HOME PROJECTS ABOUT THREE PHASE CONTACT SEARCH More... N I N A A. I S A B E L L E NINA ISABELLE INTERVIEWED BY LINDA MARY MONTANO 2020 transcribed by Brian McCorkle L: We ask the angels to inspire us. So Nina, um, tell me the story of you and Sylvia and her illness. ​ N: Well she had never been sick, really. Never really been to the doctor or, I mean she'd had like a cold or a couple of fevers in her lifetime, she's 9 now. So I usually, when she would get a fever in the past, I would just, wait it out. We never really went to doctors - I would of course if it was an emergency but we never had to. In this case she had a fever on Monday morning so she stayed home from school and - I just kept taking her temperature that day and thinking that she would probably just have a regular fever and it would just be a couple of days and she would be back in school. By that night her fever was getting higher it was like 103 and 104, and the next day, at the end of the second day, her fever was 105. So I brought her to the emergency room in Kingston and they took her temperature in the waiting room and it was 105. And, they gave her some Tylenol and Motrin, which i'd been giving her at home also. When the doctor came to see her at the emergency room her fever had come down to about 102.7 - and they tested her for strep and the viruses by doing nose and throat swabs - and they sent those to the machine in the lab to determine if she had strep or any viruses - and those came back negative and they listened to her lungs and they couldn't hear anything. And they sent us home saying that she had another virus that their machine just couldn't detect and to just continue treating her with Tylenol and Motrin or Ibuprofen. I had the feeling that something was wrong and that they were missing something and I wasn't in the right mindframe to say so or speak up - it was like every time I went to form my thoughts and say something to the doctor it was like he was talking and I just couldn't figure out what I needed to say or wanted to say - it was like I had a feeling something was wrong but - I think I thought I said that having a 105 fever was pretty high for a virus. And he said "Oh, no it wasn't 105" And I was just thinking, well it just was in the waiting room with the nurses, but he was saying it wasn't. It was this weird feeling of believing him because he was a doctor but knowing that he was wrong when he said that she didn't have a fever of 105 with such authority. So, when we left I was really irritated by that whole experience. The next morning she was still not better, she was - I would look at her and she would kind of look like she was blue, and I would look again and she didn't look blue. So, there was again this feeling of, did I, am I correct in that? It was this continual process of checking in with my perceptions and not really knowing what was real, but also being a person that has experienced a lot of things that have caused me to learn to trust myself. So it was like a whole other level of that way of being. So I took her to the pediatrician that afternoon, and he, by that time she had a rash on her body and her mouth looked weird and she had been throwing up all day, not able to keep any fluid down. And he tested her again for strep and his machine said that she tested positive for strep and he said it looked like she had scarlet fever because she had a rash all over herself. And her tongue was white. So he gave her some Amoxycillin to take, and I thought "Oh, well, good, so it was something" - I knew it was something - I was feeling hopeful that this would - that she would take these antibiotics and he said they would work really quickly and that she would turn around really quickly and that scarlet fever isn't really as big of a scary deal as it sounds, and that it responds quickly to the antibiotics and she should feel better the next morning. So she still wasn't able to keep any fluid down, she was looking blue and green and really pale and really lethargic - her breathing was starting to be really rapid, and it seemed as if she in pain. She kept saying she had pain in her lung, I didn't know it was her lung then, I thought it was her stomach, where she was indicating. So, we got home and I tried to give her the antibiotic and she just threw it up, so I called the doctor and asked how long does it need to stay in her stomach until it had gotten into her system and they said "Oh it should be fine, just give her another one in the morning." So I was just sort of getting her ready to go to sleep and in the morning we would get up and she would be better, or at least starting to be better. But I had this feeling, like maybe I should take her into the hospital again because something just didn't seem right. So I kept going back and forth with that thought, "just wait until morning she'll be better" and "no you should take her in again." But then also we've already been to two doctors and they'd sent us home and it just seemed ridiculous to go to a third emergency room after hours. And I didn't want to go back to the Kingston Hospital because they already missed the fact that she had strep and sent us home and said she had nothing wrong with her. ​ I was really on the fence about going back to the hospital - I just felt like they were going to say "oh nothing's wrong - go home and wait it out" - but I think this is the scariest part of it is that I almost didn't go to the hospital. I decided to go to Poughkeepsie, which is a half an hour drive, but I knew it was a better hospital, and by the time we got there there was all kinds of Christmas traffic because it was night, it was December 16th or 17th. She wasn't able to walk or move, and she had turned blue, we pulled into the parking lot - I didn't know if I should call 911 but I was in the hospital parking lot so I just hoisted her onto my back and fireman carried her from the parking garage to the hospital. It was dark and windy and everything was vacant, it seemed like there were no street lamps. It just seemed really like, time slowed down, like I was carrying this near-lifeless child through this parking lot towards this light of the entrance of the hospital. And I went in the front entrance and they said "This isn't the Emergency Room it's around the other side of the building." So I just quickly turned around and started running as fast as I could with her on my back. And we had to traverse the side of this giant hospital in the dark, like we were going through alleyways with dumpsters, it seemed. And there was just no one around. It just seemed really unbelievable - one of those moments when time is just stretching out and you're aware of the urgency and ridiculousness of your situation. So I got into the Emergency Room door which was around the other side of the building it was a really small entrance. And they wheeled up a wheelchair behind me and I plunked her down into it and they saw that she was blue and not moving and didn't really look alive so they quickly hooked her up to a monitor and it said that her heart rate was 180 and her oxygen level was like 58 or something, really low. They kept hitting the machine saying "this can't be right - this can't be right" and a couple of them were just taking their time, trying to get the machine to be accurate. Then one nurse came rushing out and she said "The machine's fine! Get Doctor -" um, the pediatrician who was on call there, I forget his name. And they rushed her back there and they immediately gave her a shot of Venkomyacin, she'd gone septic and they didn't know, initially, what was wrong with her. They were asking all kinds of questions, had she been exposed to something. They just put her in an ambulance and I got in the front of the ambulance and we rode to Westchester Hospital, and they put her in the intensive care unit for children and we didn't know what was happening at that point. They gave her an ultrasound of her body and it showed that her left lung was full of pus. They couldn't hear that, neither the emergency room or the doctor's office could hear that for some reason when they listened to her chest, I guess because it was so full. So, they drained her lung the next morning by putting her unconscious and putting a tube in. Then she - they showed me a picture of the X-Ray and you could see her esophagus going off at a 45 degree angle from her throat, and her heart was shoved up into her left shoulder area because her lung was so full of pus that it was displacing her heart and her esophagus - it was the worst looking X-Ray I've ever seen. Like a person's body parts all in the wrong spot. It was just this feeling of time being altered and not having any control over the situation and knowing that I needed to be fine with that. L: Nina do you need to take a break right now and put your hands on your heart? And thank yourself for - just thank your heart, thank yourself, just be - gratitude. Thanking Nina. - pause - L: Can you imagine Sylvia in your arms, healed. N: Yeah, and I've recited the facts of this situation so many times and it's much different than the actual experience. L: And what's your feeling today, where are you vibrating with it today? N: I think this whole situation is sort of in another compartment, it's like frozen there for the sake of reflection or study. Because, I don't think I could go around each day actually with this memory in my - like the memory and awareness that I use in my every day life. So, it still feels kind of unreal, and as if it never happened, and also as if it was no big deal at all, and also as if it was a life-changing event. As if there was life before this and life after this. So it has - you know I don't know if it hasn't been enough time but it hasn't settled, it feels like the time that we spent in the hospital was, could have been like an entire year. It could have been 20 years ago, or 3 years ago, or yesterday. It feels like it could have been much longer or much shorter, it feels like it could have been 3 days or an entire year. The time around it and having to do with - everything having to do with this is just warped in this time and space way. L: So there's Nina the mother and there's Nina the artist-mother, and you were able to be in touch with so many people via your iPhone, the group chats. But you also, just from photos and with stories, Nina the artist really came to that situation, in terms of how you dealt with room, and the people and the doctors and the nurses and the visitors, so could you tell me about Nina the artist, in the room with your daughter? N: Yeah I thought about this a lot because I was talking with you Linda on the phone, most days we would check in and you would ask how we were doing and we kept in close touch and I - I remember, I don't know how many years ago it was, but I was talking to you about this time Sylvia and I were in the grocery store. And she was throwing a tantrum, and my cart was full of groceries, and I just had to abandon the cart and leave, these really difficult mothering moments. And you said something like "What would the mother that you would want to be - how would that mother be performing, and how could you perform as a mother in that situation?" And I remember having this huge realization when you said that, that I had a choice how I responded to Sylvia, that I could perform in that moment as a mother having a child who's having a tantrum in the grocery store. Just this realization that performance could be - that could be a coping mechanism - but it's not really a coping mechanism it's like a mechanism, so - ever since that point I've really used that performance mechanism in my mothering, because I've really had to because we wind up in so many difficult situations. And it's not performance in the way of being perfect, it's more like what is my role here and how can I embrace that role? That mechanism of awareness really creates that ability to view multiple possibilities and then choose one. And then even if that possibility that you chose isn't working out - you're still able to step out of that role, view a hundred more possibilities, and chose another one. So it gave me this really maneuverable framework for navigating mothering and life. So I already had been sort of practicing that, in a way that became very natural to my just daily way of going about, that I didn't realize until this latest hospital experience how much I rely on that mechanism as a mother and as an artist and all throughout my life, it's now something that informs my choices and my awareness about my artmaking projects, circumstances and situations I find myself in life, or if I'm envisioning and conceptualizing different possibilitie - that sort of performance mechanism that you introduced me to has really informed my approach to life, mothering, and art. So that was one of my big realizations, in this process, or in this experience. L: You're also a scientist, you know, you're a trained and practicing massage therapist - you're multi-multi leveled, multi-talented, so you have access to so many different personas, and quote characters and other voices that you can use and you really pulled out or pulled into all of them. Because I remember either reading or hearing from you that the scientist was wowing the doctors and nurses and the artist or the artist-mother was creating an installation in the room, the mother was in bed with the daughter - it was just an incredible, incredible experience for us, who knew about it online and knew about it being connected to your heart and to your heart, we all love you, and then Sylvia, and then Brian. So it was just - literally, I couldn't do anything while this was going on, I was just with you every second. I couldn't I couldn't function outside the persona of being Nina's love and Nina's friend. That was my, my practice. N: Yeah it was essential, and I can't even express the web that we all became, people coming and going, so many people were involved and connected and just wanting to help in so many ways - and helping in so many ways, that it was like - I'm not a person who's able to just sit around, and there wasn't a lot of sleeping over the 17 days but - it was Christmas and we had construction paper, we were making daisy chains and decorating the room, and the room became filled with hanging paper chains and cut-outs and it became a really exciting room that way. We were studying all the different antibiotics she was on and what their scope of treatments were - which things they would kill and which things they wouldn't. Making lists and crossing off things because the doctors couldn't really - they weren't really able to identify which bacteria had caused the lung to fill up - so we were - I was trying to figure that out by processes of elimination. And that became these long long lists and learning about how antibiotics can have antagonistic effects on each other and it seemed like the two that they were giving her were canceling each other out and they would add a third one and the fever still wouldn't come down and the white blood cells would still go higher - she was on three antibiotics and it was just getting worse. So it was definitely entering science mode, definitely entering busy mode of just manipulating material with my hands non-stop, talking to people, just really being outside of myself. And I was remembering, I'd worked many years ago in search and rescue in Yosemite Valley, and there was a similar thing that happens there when there's an emergency and you just get down to doing the work. And that I remember that time shifts, time stops, and you just have - it's like everything's in slow motion. So I guess as a scientist and artist who's thinking and working with perception - in this case I'm still stuck thinking about the role of perception, I'm thinking about why we percieve certain situations - why time is warped and bent, and for what purpose, what parts of us make that happen? And how can we control that or maximize it? L: Do you think your early training as a gymnast and as a high-flying, risk- taking performer, that that internal persona allows you to confront high-flying life-art issues, in this case? All of your past actions and trainings came together. N: Yeah, I think - my Dad was a gymnast and an acrobat and a trampolinist, and so from the time I was little he would be tossing me up in the air and having me balance on his hands - we would be doing hand balancing and acrobatic things - and training me on trampoline, I would be launching myself in the air. So I was really, had this, I think maybe in a way that puts a person outside of their body, so I had this really strong sense of my physical body, and an equally strong sense of the space outside of my physical body, so it's almost like I inhabited two spaces. So, I think it created the ability to see myself from outside, which is why, Linda, when you introduced the idea of choosing roles, that was really a surprisingly simple thing - as much as I'd been able to see myself from outside my body I had never imagined this possibility of seeing that self choose - make choices. So, as much as I have this experience of being outside my body sort of naturally, I'm missing a lot of experiences that seem very natural for other people that have to do with awareness of choice. So I think it has its pluses and minuses, being disconnected - not disconnected but having a sense of the outside-the- bodiness. L: Is that because there's a level of suspension that comes from having been suspended - it's almost like an angelic timelessness, an angelic suspension, and... N: Yeah I don't know I've thought about this in relationship to having been a trampolinist because, I remember, when I was maybe 15 or 16 I had quit gymnastics and I just wanted to focus on trampoline. So I was learning these really complicated skills on the trampoline, one of them was a double-twisting double- backflip, which you do in succession with a bunch of other tricks. So it requires jumping up in the air and flipping around two times while you spin around two times. So it takes these really tiny muscle movements and you're going really high in the air, and it's so many tiny movements that it feels like you have a year when you're up in the air doing that trick. I can still, even to this day, feel the microscopic movements inside of my body that you need to do in order to make that trick happen. Yet, in that split second, the amount of time it takes to perform that trick, it expands and it seems like you have, maybe an entire minute or five minutes or something. So, we used to use video cameras to record ourselves and you could see this, just this human going up in the air and spinning around really quickly and then landing. And when you slow motion the thing down you can see: "Oh, my elbow was sticking out, I need to pull my elbow in" - you just saw these really microscopic things that you needed to do with your body, like just tuck your chin in a quarter of an inch or something. So, I thought about this when I was studying body work, and I forget which practioner was talking about people who'd been in car accidents, where their body comes to a direct halt. They've been speeding, and then the physical body comes to a quick halt, that the etheric or energy body continues to move past the car, and outside of their body, and their energy body didn't come to a halt, it just kept kind of gliding into the space in front of them. So, I thought about my experience as a trampolinist and this high-impact kind of jumping, this being-in- the-air, maybe that was happening. We wouldn't call it "traumatic experience" because you were choosing to do it and you didn't usually get hurt but it caused this similar thing to the "outside body" that maybe happens when people are in car crashes or other high-impact injuries or something. It's just a perception of time being weird and altered. And the perception of the body, the physical body and the outer bodies. L: So, it's almost like three personas, I'm sure there are more, there's Nina the artist, with all kinds of things happening in that room: the stars and paper cut- outs, and iPad games, and there's Nina the scientist, which you are also, who's doing all of this medical research, there's Nina the partner with Brian as collaborator, and there's Nina the Mother. There's no which one is second, third fourth, and I'm sure there's more, there's Nina the spiritual seeker. So there's these five to seven, to twenty-faceted - there's Nina the daughter, who's relating to parents what's going on, Nina the communicator. It's this multi-faceted opera of care and love, that is unbelievably fertile, rich, and applaudable. What would be your advice to other mothers, to other fathers, to other others in this situation? What - it's a teaching, what you did, is a teaching, it's a course, you could study what you did for years! What all you went through. What do you think people studying what you did will come away with or learn, or need to learn? N: The first thing that I kept telling other mothers when I would see them is just, "Go to the doctor, don't try to ride it out, it doesn't matter." I have so many friends, myself included, we try to avoid going to the doctor, because maybe it's expensive, or we don't trust them, or something. The first lesson, practical and the lesson that can save the most lives potentially is just go to the Doctor. It doesn't matter if you're wrong, just keep going. If you know that something is wrong don't trust them, just keep going to the Emergency Room over and over and over if you have to. I think that's the most urgent, pressing message that I found myself wanting to tell my other Mom friends. I think I'll probably be more inclined to go to the doctor all the time now. Also, from being involved in athletics we were trained to never go to the doctor, you know. So it was sort of overriding this programming I'd had my entire life that the body is invincible and it can heal itself no matter what, you never need to go to the doctor - that's the most practical advice. And probably I think - I don't know, there were times when I was thinking "I don't know how I'm doing this, I don't know how I'm not falling over or screaming or having an anxiety attack or being really scared or crying." I don't know how all of those things didn't happen, other than to say it was thanks to this performative mechanism that allowed me to really be present with what was happening and to realize I was in control of my anxiety and my fear, and that those sorts of responses wouldn't have any impact on the outcome. So, that sort of awareness and logical thinking kind of let me off the hook. "Oh, I don't need to have anxiety, I can see how that's not useful." L: As a practicing artist, you mention four or five things: screaming, anxiety, et cetera. Do you feel that the coming-down-from-the-suspension, or from twirling or twisting, from being put into the air of this situation; do you feel that those are things you'll be dealing with in your work, or in therapy, or that you will scream in your house when you're alone in your house, or do you feel that these kind of detrituses and these left overs, this material, do you have any idea how you'll be using the material? N: Yeah, I feel like it's probably not ready to come out, like it's sitting, solidifying a little more, I think when it comes out, then, it's going to be really directed, and that might show up in having - I mean I know this from going through things like this in the past that it gives me this ability to be really clear in my impulses and my choices and my instincts. To recognize when an institnctive notion is occurring and to direct it really quickly and not question myself. So, I think maybe all of these sort of difficult experiences in my life are continually fortifying that mechanism of choice-making and embracing and owning decisions and actions. Where there's not really a lot of - it's been training me to function in this way that's just sort of following impulse, but also the impulses have been correct in a lot of ways. Or it's like they're getting to be better, they're not always the most useful or beneficial thing, but it's like honing that mechanism, to where I feel like, eventually, a person, if they keep going through stuff like this for their whole life, might be able to direct that process really effectively. L: And you said persons going through this, I'm kind of thinking, like my brother's a surgeon, and my niece is a pediatrician and an internist: I'm thinking medically right now, and, you had 17 days of really being in close proximity with the medical, more than that, close proximity with people in the medical world. What did you learn from them? N: They have these slogans, like "We operate on Occam's Razor!" L: What was that? N: "Our protocol is developed based on Occam's Razor!" The most likely scenario is the most probable, is probably it, or something. "All of our decisions are informed by protocol, we don't-" they don't use, if they have a hunch or a notion, they have to bend their protocol to sort of force a way for their instinct, whereas operating as an artist I might have an instinct or a notion and I might have to force some sort of rules or material, physical material, to suit my notion. So I could see - just, that they have this kind of comfort with fencing themselves in with this, because it's like life or death, when you're on the fence and making a decision like this about whether a child lives or dies, you can't, as a human, be like, making a quick instinctive decision. Because you're not going to be 100% correct. So they have to put these parameters in place so that they're not accidentally killing children. L: What does that look like? N: They're working with something that's more important I guess, it's not more important, but it's much different than "Oh I'm going to make a sculpture and the welds didn't hold" or "I had the welder set on 4" or something, it's like "Oh I made a mistake" but it's not like somebody's going to live or die because I chose the wrong color or, you know, my seams didn't hold, or someone disagreed with what I was doing, or one of those things like, as an artist, being misunderstood, like worst case scenario you do a project, no one understands it, everyone misunderstands it, it fails, or something, it's like "So fucking what" there's no children who just died so it doesn't really matter, so that's sort of liberating. L: It makes us glad to be artists? N: I guess so, not to say that it's just frivolous, I think we're all searching for real useful ways of going about that translate to how to live life effectively, and that can save lives. L: I always felt that I wanted the same level of integrity as my brother had when he was doing surgery on a child. I wanted that same brilliance, that same, integrity again, that same attention, that same, care, that same, knowledge. Because that's a level to aim for, and that's a level that I could feel in a family member and want to emulate. N: Yeah it's probably great if we have that level of care and awareness in everything we do in our lives, and I agree. Because even, I guess on the surface it doesn't seem like anybody lives or dies based on any of my successes or failures with all of my art projects, but they're, they're little spirit ideas, little spirit babies or something. So it's, I mean, I guess it would just be, if we were to decide that human spirit, human beings were different or more important than idea-babies or spirit- babies. It's probably not true that there's a hierarchy and one is more important than the other. L: But the endurance that you participated in with your daughter and with your partner, Brian, and your ex-husband being there also in the picture, has, was an invitation to the next level of excellence. Because there's a graduation from the heart, our hearts, our hearts expand from these life endurances. And then it's like the art, the art will, the art will benefit. Or the life will benefit. N: Yeah, and that's really sticking with me, more and more, as I know you, and am influenced by you. There really is no difference between my life projects and my art projects, and that they both deserve equal levels of integrity. L: How is your relationship with Sylvia altered, changed, moved into or out of, or... what's new, what's old, what's? N: Well, I've made a point of, I have my observations of she and I's relationship, and I've tried to be really clear in not articulating her experience as my experience, or my observation of her experience may not be correct. So I, kind of refrain from imposing my observation of her experience, and what it might be. I witnessed her working with certain things in this circumstance, being confronted with things she had no choice over. Kids are given a lot of encouragement in this era, lately, that they have choice, and that they have choices about their bodies and what things they say are okay and what things are not okay. That they need to make good choices and use their voice, and make these choices. So she's been raised that way, except in this case, she was put in a position where she didn't have any choice, they had to take blood when they had to, and they had to do stuff to her, she didn't choose, and she didn't want to. And so it was difficult for me to watch that sort of reckoning and realize, we've been wanting to give our kids this, idealized notion that they have choice and autonomy and their body is theirs, and it's all great and well-meaning things, except in a case like this, you also have to be able to give over, to give over control of the things that you can control, and to know the difference - the ability to know, when you don't have a choice, and the ability to be okay. So she's 9, and she hasn't had many experiences like that, so watching her, have a crash course in that, is one things that I noticed, as far as she and I's relationship, that's a tough one to speak about. We're still so connected, that we sort of have an understanding of each other and our relationship to each other that's unlanguageable. Just, feeling and knowing each other in a way that is still really instinctive and connected in some, sphere that doesn't have language. And then also experiencing the stuff that does have language, just being really tired of whining, and all of the regular mother things, like really needing her to do what you're asking her to do, and being really tired, with those regular sorts of parenting things. L: The ability - what would you say to mothers about honesty? What I've observed in your relationship with Sylvia, in general, you have a rule that being honest and forthright and saying the truth, no matter how truthful or puzzling or upsetting or shocking it might be, never stops you, and so in a way that really helped, because I could see that some people might not have been as able to be truthful in the circumstance you were in - to talk about blood and guts, and sickness and life, in front of your daughter and also - anyway, I think you're very brave. And would you recommend - how would you get other people to be as brave as you? And is that from being suspended in the air? N: I don't know. L: Why are you so brave and how can you teach that bravery? N: I don't know because, brave, I might have just learned it, you know, parenting, you learn a little bit of it from the way your parents raised you, and some of that is good and bad. I mean, my Dad was kind of a fearless person and he talked a lot about violence and fighting and blood, so a lot of his speaking was really straight forward and graphic and, he had been in a lot of fist fights and he was kind of a rough and tumble person, and his father was - he had a lot of experiences growing up in a tough area where he, found a finger, this guy jumped him and he punched him and just kept punching him, and so, I just grew up with these - I kind of question it now. That is a defense mechanism, I think, to speak about bloody and graphic things with such ease, it's partly conditioned, I don't think it's great, because as I've gotten older and I've gotten more respect for the body, I think that's, not such a healthy response, to be so vocally graphic about things that are so important. But that's how he was, and my family is still kind of like that, so I don't know, I guess the other thing is being disinhibited, which could be from head injuries, or it might just be a way or being that I am, I can't really not say what I'm thinking, and I never think it - I think it benefits everybody involved to know the most information, and if everyone said what they were thinking, I think everyone would appreciate that. L: Ra, ra! Applause for all that, fabulous, thank you for mentoring that. And I'm sure those nurses were applauding you, and doctors. N: Yeah, maybe doctors and nurses are used to that, sort of, speaking. L: How did the animus of Brian's presence, who actually has a lot of anima in him, how did you feel, he supported you, and how would you recommend, future people who would be in a similar situation to ask for the kind of support you got from him? N: I mean, he was just continually there, there wasn't a question of whether he would be there for us, he just was, and that was really comforting. The feeling of, I didn't even have to ask, there was no resentment, it was just, straight up, unconditional help and support. Neither of us, I mean we were tired, but that wasn't even an issue. So I think, just having another person there was really great, and really gave me a lot of stability and comfort. And Sylvia too, he was able to, a lot of times, defuse things that were happening, then he would pick up, and start reading books to her and stuff. I guess, just having the ability to collapse a little bit and know that somebody else was going to be there. L: If you were to interview Nina right now, what would you ask her, about this experience? N: I would ask her, how is she going to be, how is she going to be better the next time this happens? What is the thing to carry and learn, the next thing? I don't even know if there's a way to answer that because it will just evolve over time. Or, how will she, I wonder if these spheres of reality will, over time, converge? And how would she know if that has happened and what would it matter? L: What does converge mean, to you? N: I guess the experience is kind of fragmented from my awareness, I notice when I start to retell the facts of this experience, that they're kept in another compartment of my awareness that's really far from the awareness I use to go around in my daily life. I wonder if there will come a point when the distance between those two modes of functioning becomes closer. L: What does she say to Nina? N: She would say, "Why does that matter? Between those things. Why are you fascinated with where things are, the location of perceptions? Why do you care so much about wanting to know where things are and how they get from one place to another?" L: I could answer that. N: You could? L: I am Nina, and I am up in the air! My dance threw me up in the air, and I don't know where in the name of God I am! I'm twisting, I'm turning, I'm trampolining and I'm jumping, and I'm up and I'm turning around and I'm falling down - I don't know where I am, and the distance, relations, so that's - N: Right, that makes sense, thanks Linda. ​ L: My God! My God! Oh my God, where am I? What's the relation to the next - I'm an angel, flying. ​ N: Hm, good point. ​ L: So, Nina says to all parents [long pause] You talked about money today, before we began, it was so beautiful, and you talked about bills coming to you, through her birth father, that she had insurance, it was so touching, you talked about money, because most people are just like cray-cray about, totally cray-cray. And you said, with all beauty, yeah there was one bill, about $15,000 or eighteen and then you said, I want you to close your eyes, and feel this, you said "I don't care if it was a million dollars, I don't care if I had to pay for the rest of my life, if it was a million dollars, I would pay and pay, because it was my daughter's life that was saved." And that's, that's the other Nina. That's the new Nina. ​ N: Yeah, it was a perspective shift, at the same time we were in the hospital my septic system was blowing up in my house, and, you know, before we went to the hospital that was a terrible ordeal, and, you know, I hired this plumber, it was $300, not fixed, hired another guy, $900, kind of fixed, you need another thing, it's going to be $8000. And then, that very day, "your septic needs to be rebuilt, it's $8000" - we go to the hospital. I was on the verge of caring about that, you know, and in relationship to something like this, those other things that would really just be a really big deal in a person's life, just doesn't matter. I don't know how that will happen, it just will, I don't even care, right now. We're just not using much water for now, it's fine. So then all these other things, oh we hit a deer! I had to have my car repaired, just all these other things that at other points in my life would be like "Oh this is terrible, why is all this terrible stuff happening?" And now, it's like, it's like nothing, it doesn't even matter, all this stuff that used to matter, it just doesn't. ​ L: You know I'm thinking like Castaneda's, commandment, that we keep death on our left shoulder, is so lovely, because, if, and sometimes the translation is "Oh my God! Fill-in-the-blank is going to die! And I'm so, cray-cray, about what I'm thinking about Fill-in-the-blank right now!" But, if I was looking through the lens of, they're going to die some day, how would that change my direction, my position, my being-in-the-air, my endurance ​ N: That's another one of those magical Linda-perspective-shifting mechanisms ​ L: And you did it, you did it, you had a perspective shift, you had a large shift, and a very very powerful life-death journey, endurance. ​ N: Maybe the distance between those spheres of perception I was trying to measure and locate will become evident when I go back to being comfortable and I get to this point where I start to get mad about some stupid thing like, I'm thinking of my neighbor lady was mad because we drove on her yard and it made a dent on her lawn and she was so mad. And I could just sit there while she was yelling at me thinking "wow, she cares about different things than I do." So maybe when the experience, the near-death experiences and the mundane idiocy of daily life problems like holes in your yard, when those things start to become so far apart that you can't see the near-death experience any more and you start to care about a hole in your yard or something, maybe those things could indicate distance. I don't know if that would mean, like, getting closer together or farther. I don't know. ​ L: Somehow, it all boils down to love, and the vibrational frequency of love. And, and then translating that love and death and love and fear and how to come out, how to come out of these wonderful teachings with the banner, the banner for, the flag of love. I mean I'm thinking of, in the exact same scenario, you know, [xxxxxxxxxxxxxxxxxxxxx] - this is, off record maybe. N: We'll stop here [shuts recorder off]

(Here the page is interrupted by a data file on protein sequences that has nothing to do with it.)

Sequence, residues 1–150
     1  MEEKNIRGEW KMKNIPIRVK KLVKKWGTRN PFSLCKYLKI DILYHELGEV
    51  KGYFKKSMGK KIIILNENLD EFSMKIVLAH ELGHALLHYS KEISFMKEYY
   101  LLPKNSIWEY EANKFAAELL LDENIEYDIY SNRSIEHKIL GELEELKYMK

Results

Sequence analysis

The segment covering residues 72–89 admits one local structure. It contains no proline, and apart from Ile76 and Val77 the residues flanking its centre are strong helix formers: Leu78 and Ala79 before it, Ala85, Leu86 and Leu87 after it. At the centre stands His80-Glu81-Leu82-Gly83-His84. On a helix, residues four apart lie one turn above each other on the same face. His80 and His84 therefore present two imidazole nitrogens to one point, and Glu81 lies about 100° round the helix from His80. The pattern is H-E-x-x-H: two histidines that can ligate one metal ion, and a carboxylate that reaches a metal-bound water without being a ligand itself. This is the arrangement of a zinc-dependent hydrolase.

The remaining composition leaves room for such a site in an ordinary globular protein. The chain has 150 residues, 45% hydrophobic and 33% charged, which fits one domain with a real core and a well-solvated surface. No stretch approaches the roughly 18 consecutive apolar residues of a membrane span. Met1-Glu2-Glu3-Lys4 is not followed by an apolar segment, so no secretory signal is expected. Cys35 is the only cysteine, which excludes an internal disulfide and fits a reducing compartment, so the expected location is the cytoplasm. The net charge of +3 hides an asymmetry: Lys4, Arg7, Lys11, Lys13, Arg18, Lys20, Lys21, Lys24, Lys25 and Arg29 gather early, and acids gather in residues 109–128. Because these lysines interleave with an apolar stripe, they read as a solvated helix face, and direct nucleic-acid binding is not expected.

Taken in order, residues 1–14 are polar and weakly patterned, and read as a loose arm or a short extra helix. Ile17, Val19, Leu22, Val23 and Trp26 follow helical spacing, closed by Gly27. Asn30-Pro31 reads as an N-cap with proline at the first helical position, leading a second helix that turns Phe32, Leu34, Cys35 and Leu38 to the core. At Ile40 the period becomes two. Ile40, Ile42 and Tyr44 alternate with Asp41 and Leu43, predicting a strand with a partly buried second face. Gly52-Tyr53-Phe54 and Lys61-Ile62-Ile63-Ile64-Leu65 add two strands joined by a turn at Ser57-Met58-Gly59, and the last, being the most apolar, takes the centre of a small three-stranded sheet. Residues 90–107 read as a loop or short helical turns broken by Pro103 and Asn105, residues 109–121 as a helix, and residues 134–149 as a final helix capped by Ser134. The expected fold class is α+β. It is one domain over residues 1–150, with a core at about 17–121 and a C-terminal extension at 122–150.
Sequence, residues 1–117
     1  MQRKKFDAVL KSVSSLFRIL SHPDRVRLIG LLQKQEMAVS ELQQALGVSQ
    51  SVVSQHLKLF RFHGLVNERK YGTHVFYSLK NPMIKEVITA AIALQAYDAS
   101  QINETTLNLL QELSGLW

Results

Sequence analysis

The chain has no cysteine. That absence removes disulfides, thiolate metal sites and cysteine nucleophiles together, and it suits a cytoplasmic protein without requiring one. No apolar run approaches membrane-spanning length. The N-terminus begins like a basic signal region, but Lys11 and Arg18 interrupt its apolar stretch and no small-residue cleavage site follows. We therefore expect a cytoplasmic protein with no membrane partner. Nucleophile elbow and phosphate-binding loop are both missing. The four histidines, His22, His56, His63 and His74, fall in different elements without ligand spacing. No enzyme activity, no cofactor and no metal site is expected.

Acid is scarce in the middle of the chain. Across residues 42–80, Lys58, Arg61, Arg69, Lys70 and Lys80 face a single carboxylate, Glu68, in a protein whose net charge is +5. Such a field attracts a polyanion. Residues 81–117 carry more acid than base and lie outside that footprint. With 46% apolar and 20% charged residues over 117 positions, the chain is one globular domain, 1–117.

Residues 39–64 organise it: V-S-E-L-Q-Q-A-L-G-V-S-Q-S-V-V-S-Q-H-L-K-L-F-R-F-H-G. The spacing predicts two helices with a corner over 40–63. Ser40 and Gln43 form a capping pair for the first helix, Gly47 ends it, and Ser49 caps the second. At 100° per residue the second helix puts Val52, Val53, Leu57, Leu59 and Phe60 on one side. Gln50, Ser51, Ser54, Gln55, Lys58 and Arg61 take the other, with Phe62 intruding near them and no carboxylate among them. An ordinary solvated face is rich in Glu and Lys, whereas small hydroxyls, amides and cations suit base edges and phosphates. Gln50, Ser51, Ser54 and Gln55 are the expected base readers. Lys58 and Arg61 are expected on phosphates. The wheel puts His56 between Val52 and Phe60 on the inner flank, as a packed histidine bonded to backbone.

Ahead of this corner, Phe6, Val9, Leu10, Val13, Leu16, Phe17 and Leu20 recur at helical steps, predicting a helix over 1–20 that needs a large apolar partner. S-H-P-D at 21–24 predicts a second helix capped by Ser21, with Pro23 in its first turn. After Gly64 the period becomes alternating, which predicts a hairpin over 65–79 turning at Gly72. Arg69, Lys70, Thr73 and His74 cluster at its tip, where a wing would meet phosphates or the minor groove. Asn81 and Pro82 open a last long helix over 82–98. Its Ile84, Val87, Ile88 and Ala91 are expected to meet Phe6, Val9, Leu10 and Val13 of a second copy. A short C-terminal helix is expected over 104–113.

• FORCE YOURSELF TO BE GOOD | nina-isabelle